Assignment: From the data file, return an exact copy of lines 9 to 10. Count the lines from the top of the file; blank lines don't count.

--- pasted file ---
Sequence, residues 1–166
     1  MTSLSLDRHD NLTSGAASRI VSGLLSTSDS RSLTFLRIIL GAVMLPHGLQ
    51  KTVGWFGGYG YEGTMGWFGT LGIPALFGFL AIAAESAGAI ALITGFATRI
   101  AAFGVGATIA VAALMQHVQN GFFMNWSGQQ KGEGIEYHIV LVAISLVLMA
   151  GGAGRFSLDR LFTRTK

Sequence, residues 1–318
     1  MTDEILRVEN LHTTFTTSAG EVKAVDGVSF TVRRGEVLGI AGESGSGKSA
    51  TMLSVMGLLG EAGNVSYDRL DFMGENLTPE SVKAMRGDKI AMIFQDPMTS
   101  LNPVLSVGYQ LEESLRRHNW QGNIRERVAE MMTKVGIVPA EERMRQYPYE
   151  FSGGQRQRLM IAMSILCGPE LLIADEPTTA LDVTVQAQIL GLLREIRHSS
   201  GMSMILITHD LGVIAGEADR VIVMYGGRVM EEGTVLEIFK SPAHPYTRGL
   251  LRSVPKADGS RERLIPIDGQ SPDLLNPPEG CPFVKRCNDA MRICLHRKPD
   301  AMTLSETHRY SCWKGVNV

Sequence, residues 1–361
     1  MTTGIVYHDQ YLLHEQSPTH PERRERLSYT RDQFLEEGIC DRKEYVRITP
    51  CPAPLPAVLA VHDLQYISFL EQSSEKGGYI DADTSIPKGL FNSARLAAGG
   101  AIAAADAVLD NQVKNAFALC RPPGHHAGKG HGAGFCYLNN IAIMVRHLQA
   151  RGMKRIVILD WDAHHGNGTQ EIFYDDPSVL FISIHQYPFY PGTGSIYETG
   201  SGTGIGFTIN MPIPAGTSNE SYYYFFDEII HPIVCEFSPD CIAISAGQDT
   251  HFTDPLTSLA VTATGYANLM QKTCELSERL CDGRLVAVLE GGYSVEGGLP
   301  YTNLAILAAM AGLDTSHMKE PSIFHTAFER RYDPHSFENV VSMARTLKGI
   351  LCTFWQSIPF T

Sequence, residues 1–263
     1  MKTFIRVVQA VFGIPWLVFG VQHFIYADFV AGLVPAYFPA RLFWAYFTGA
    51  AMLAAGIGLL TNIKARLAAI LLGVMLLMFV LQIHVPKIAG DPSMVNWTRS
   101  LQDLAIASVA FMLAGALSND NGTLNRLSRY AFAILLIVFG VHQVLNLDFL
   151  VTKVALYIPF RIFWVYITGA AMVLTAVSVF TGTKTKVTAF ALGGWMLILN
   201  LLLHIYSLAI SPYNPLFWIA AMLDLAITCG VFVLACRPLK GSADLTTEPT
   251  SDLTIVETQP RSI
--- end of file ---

   101  LNPVLSVGYQ LEESLRRHNW QGNIRERVAE MMTKVGIVPA EERMRQYPYE
   151  FSGGQRQRLM IAMSILCGPE LLIADEPTTA LDVTVQAQIL GLLREIRHSS